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The great warrior-king of England, Henry V, is dead. He was
responsible for numerous English victories against the French.
His noblemen fear that his death signals bad times for England.
This is proved true, when they receive news of several French
victories against the English. Henry V is survived by his son
Henry VI, who was a baby at the time of his fatherís death.
This creates a vacuum at the seat of power resulting in rivalries
among the English noblemen for power. The foremost of these
is between Gloucester and Winchester both of who struggle
with the other to be foremost in the Kingdom.
The changing fortunes of the French receive a further boost
when Joan La Pucelle joins them. She manages to convince the
Dauphin that she is divinely inspires to help the French toward
victory. The French noblemen decide to heed her advice and
raise the siege from Orleans and drive the English way.
The animosity that exists between Gloucester and Winchester
deteriorates over the matter of the Tower. Winchester had
forbidden Gloucesterís entry to the Tower. The angry
Gloucester commands his men to attack Winchester and his
troops. The Mayor of London, who forbids both sides to carry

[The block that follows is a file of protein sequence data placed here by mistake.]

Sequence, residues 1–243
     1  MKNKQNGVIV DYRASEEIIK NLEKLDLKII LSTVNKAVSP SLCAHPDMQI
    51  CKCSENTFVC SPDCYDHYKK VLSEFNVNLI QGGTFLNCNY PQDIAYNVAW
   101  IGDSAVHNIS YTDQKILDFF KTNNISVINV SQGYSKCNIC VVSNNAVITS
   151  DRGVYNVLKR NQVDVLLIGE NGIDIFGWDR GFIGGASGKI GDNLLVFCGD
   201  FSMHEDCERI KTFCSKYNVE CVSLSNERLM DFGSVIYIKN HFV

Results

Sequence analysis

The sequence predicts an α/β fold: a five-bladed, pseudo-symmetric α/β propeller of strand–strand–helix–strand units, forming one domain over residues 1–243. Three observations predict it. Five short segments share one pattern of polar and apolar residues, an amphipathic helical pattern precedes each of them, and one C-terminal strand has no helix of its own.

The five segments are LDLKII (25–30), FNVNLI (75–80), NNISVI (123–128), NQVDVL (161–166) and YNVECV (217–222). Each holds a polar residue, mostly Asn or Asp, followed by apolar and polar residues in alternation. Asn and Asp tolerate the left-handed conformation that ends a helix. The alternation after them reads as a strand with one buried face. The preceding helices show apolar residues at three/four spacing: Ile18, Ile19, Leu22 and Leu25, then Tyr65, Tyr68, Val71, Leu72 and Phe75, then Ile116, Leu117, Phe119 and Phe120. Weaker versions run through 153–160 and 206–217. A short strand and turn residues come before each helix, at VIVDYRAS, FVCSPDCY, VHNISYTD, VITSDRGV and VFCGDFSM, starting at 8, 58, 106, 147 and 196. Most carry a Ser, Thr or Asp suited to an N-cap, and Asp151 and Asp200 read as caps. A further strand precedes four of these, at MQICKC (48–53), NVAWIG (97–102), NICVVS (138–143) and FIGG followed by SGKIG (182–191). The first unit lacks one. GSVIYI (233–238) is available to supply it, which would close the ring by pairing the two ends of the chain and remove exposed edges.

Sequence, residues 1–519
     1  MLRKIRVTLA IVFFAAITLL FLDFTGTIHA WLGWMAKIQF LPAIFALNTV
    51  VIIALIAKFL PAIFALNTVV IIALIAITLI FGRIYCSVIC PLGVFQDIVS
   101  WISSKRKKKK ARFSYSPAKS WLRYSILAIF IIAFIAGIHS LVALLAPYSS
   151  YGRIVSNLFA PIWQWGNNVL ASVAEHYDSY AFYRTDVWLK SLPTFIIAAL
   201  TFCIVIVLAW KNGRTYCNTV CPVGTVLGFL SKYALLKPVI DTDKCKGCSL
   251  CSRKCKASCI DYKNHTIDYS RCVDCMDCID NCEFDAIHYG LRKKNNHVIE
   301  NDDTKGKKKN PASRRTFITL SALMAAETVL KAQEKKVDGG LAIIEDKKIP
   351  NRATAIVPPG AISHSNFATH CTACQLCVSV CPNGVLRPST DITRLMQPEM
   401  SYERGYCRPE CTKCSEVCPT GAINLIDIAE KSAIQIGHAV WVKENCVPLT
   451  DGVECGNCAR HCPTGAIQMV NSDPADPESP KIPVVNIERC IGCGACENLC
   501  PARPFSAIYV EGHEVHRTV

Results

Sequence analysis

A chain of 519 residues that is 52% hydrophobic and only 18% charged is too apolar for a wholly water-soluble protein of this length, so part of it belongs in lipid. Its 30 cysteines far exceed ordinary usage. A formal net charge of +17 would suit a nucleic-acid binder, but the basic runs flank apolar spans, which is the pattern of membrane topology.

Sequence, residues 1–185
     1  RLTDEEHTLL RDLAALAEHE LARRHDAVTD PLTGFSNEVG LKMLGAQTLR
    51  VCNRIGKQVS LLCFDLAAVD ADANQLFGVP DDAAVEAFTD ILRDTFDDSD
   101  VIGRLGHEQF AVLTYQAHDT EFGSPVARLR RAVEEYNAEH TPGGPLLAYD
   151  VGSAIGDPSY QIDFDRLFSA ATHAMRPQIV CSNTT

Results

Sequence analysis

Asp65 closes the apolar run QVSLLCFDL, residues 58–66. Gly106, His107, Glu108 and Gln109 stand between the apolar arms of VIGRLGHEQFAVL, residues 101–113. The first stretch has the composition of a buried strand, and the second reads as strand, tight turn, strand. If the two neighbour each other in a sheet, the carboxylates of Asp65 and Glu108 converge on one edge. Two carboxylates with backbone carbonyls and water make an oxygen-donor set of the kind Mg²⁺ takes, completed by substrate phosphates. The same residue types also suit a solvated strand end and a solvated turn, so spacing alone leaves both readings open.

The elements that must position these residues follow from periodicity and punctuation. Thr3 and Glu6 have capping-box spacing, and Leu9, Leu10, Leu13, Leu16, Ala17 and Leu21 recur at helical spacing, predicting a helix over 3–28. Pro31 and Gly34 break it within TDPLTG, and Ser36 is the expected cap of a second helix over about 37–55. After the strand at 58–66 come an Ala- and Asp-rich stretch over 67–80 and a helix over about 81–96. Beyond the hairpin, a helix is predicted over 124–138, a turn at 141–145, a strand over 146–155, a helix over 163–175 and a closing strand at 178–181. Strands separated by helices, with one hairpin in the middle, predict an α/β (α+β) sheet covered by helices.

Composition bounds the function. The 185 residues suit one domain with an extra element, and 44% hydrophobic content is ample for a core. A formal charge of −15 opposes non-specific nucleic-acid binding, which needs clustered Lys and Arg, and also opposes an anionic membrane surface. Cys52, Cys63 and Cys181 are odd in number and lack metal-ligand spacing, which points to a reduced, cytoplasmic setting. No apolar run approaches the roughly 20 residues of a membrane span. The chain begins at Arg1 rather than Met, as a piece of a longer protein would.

firearms, at the penalty of death, breaks this quarrel. The two
Englishmen leave, nursing their hatred for each other and
waiting for a future opportunity itís ever the score.
Salisbury and Gargrave are shot dead by a young French boy.
Talbot swears revenge but loses the next battle and Orleans to
the French, who are led by Joan. The French commend Joan
for this success but their celebration is short-lived as Talbot
succeeds in capturing Orleans from them. The countess of
Auvergne tries to trap Talbot but is failed in her attempt by the
wily English warrior.
A dispute between Somerset and Plantagenet grows into a
heated fight with the result that the two men declare themselves
each otherís enemies. Two factions are born as a red of this:
The white Rose faction consisting of Plantagenetís supports
and a Red Rose faction consisting of the men who support
Somerset. Plantagenetís uncle, Mortimer, before dying
explains the reason why the farmerís father lost his life and
property. He declares Plantagenet his heir and explains his
genealogical claim to the throne. Plantagenet resolves to obtain
what was taken away from his father.
Winchester and Gloucester take their dispute before the king.
The latter is much grieved to se his kinsmen fight and tries to
restore goodwill. He only manages in establishing a hallow
peace between the two men. Richard Plantagenet is restored to
the whole inheritance of the House of York and created the
Duke of York. Exeter fears that the dissension in the English
rank is not extinguished and that it bodes ill for the English
fortune in France.
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